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LOGAN — Colter Peterson, who was 16 when police say he shot a 14-year-old girl in the back of the head at close range, leaving her with permanent disabilities, pleaded guilty to attempted aggravated murder Tuesday.
But despite entering into a plea deal and sparing Deserae Turner and her family a long trial, prosecutors did not agree to go easy on Peterson. Instead, they said they will push for life in prison when Peterson, now 17, is sentenced.
"We could not have got any more penalties had we gone to trial than what we got (in the plea deal) today," Cache County Attorney James Swink said after Tuesday's hearing. "The state is getting everything we could want at a jury trial."
In February, Peterson and Jayzon Decker, 16, devised a plot to lure Deserae into a secluded canal and kill her, according to charging documents. Initially, the boys planned on slitting the girl's throat because it was quieter, charges state.
But after luring Deserae into a dry canal in Smithfield on Feb. 16 under the guise of buying a knife, Peterson shot her in the back of the head at close range, according to prosecutors. The teen girl laid near death on the ground for eight hours before being found.
Deserae and her family were in court Tuesday as Peterson stood before 1st District Judge Kevin Allen to plead guilty.
Peterson was given a tissue to wipe away tears as the judge read through the facts of the case. He then talked about how the bullet the boy fired was still lodged in Deserae's head because doctors determined an operation to remove it would be too risky.
Deserae has paralysis on the left side of her body. She has problems seeing, walking, eating and thinking since the shooting, and doctors have said she will have disabilities for the rest of her life.
"Our daughter continues to struggle," said Deserae's father, Matt Turner, who then took a long pause and wiped away his tears. "She works every day to gain as much quality of life as she can. But her life will never be the same."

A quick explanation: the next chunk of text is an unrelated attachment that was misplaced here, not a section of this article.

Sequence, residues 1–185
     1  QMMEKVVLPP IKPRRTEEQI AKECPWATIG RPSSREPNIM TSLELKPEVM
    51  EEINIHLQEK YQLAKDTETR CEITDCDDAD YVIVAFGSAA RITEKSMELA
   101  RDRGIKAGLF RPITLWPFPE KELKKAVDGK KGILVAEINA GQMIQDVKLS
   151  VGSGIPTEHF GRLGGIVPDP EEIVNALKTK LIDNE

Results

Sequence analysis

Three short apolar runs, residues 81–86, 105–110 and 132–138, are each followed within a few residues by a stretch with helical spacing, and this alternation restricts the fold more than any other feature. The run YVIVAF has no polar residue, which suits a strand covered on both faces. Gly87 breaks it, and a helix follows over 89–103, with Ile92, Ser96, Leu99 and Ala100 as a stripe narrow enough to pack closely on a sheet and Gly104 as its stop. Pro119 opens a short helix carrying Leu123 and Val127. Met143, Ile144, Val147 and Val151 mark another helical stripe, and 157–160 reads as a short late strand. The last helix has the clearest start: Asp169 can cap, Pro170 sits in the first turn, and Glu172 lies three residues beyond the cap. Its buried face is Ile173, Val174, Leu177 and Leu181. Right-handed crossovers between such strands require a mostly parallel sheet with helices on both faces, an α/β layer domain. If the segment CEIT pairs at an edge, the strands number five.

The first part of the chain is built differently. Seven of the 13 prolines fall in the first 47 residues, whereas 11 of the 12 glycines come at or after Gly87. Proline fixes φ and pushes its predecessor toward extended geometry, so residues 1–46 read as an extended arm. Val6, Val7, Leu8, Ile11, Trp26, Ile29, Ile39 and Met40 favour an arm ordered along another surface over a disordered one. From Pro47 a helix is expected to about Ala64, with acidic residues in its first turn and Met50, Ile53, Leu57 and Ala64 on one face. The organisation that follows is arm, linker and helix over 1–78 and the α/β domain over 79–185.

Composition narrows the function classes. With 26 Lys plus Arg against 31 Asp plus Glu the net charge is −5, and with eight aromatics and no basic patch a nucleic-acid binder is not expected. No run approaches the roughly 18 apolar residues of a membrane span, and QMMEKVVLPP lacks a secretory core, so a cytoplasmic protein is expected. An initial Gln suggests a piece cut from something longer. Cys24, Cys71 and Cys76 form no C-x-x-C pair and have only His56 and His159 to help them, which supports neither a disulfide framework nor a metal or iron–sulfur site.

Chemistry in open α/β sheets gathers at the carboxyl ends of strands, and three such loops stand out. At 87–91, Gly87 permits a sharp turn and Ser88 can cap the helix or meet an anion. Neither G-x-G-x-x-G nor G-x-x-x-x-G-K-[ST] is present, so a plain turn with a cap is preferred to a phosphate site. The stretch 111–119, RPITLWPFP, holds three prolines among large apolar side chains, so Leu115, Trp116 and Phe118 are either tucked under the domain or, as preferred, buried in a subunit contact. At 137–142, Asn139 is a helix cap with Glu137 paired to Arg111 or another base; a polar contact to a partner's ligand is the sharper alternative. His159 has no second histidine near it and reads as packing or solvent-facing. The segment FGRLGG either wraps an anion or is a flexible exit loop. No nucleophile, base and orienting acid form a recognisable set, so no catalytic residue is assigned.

Turner read a brief statement after the hearing, thanking police and prosecutors. But he struggled to read, his body shaking at times as he recounted what his daughter has been through.
"Today was a step toward justice for Deserae," he said.
Turner also urged the public to never become complacent to horrible acts of violence.
"Please care for your neighbors both near and far. The whole world has become our neighbor, and for that we are very grateful," he said.
Peterson also struggled to speak as he entered guilty pleas, preferring to shake or nod his head when he could. His attorney, Mike McGinnis, said much like he was in court, Peterson struggled to get through the plea deal documents prior to the start of the hearing.
McGinnis said his client feels terrible but wants to take responsibility for his actions, and that's why he agreed to plead guilty, even though he could go to prison for the rest of his life.
"He pleaded guilty because he wanted to pay for what he did," McGinnis said. "That's all he can do now. He can't go back and change what happened. All he can do is take responsibility. He walked in there a boy and took it like a man today."
Peterson pleaded guilty to attempted aggravated murder, a first-degree felony, and an amended charge of robbery, a second-degree felony. In exchange, four counts of obstruction of justice, a second-degree felony, were dropped.
As part of the deal, sentencing will be delayed until Decker's case is resolved. His eight-day trial is scheduled for February. Because Peterson may be called to testify against Decker, prosecutors Tuesday made a motion to have them housed in separate detention facilities.
"The game has really changed now, judge," Swink argued. "I think they should be separated."
Prosecutors say there is too much opportunity now for the teens to see each other and potentially discuss the upcoming trial. Allen agreed and ordered that Peterson be moved to another facility.
McGinnis said his client would likely make a statement to Deserae at sentencing, but for now still isn't allowed to talk to her. After pleading guilty, Peterson was led back to the holding area of the courtroom, blankly staring ahead and avoiding eye contact with anyone, including his parents, who were seated in the front row.
A typical sentence for a first-degree felony is 15 years to life in prison. The judge will also have the option to sentence Peterson to six years to life or 10 years to life.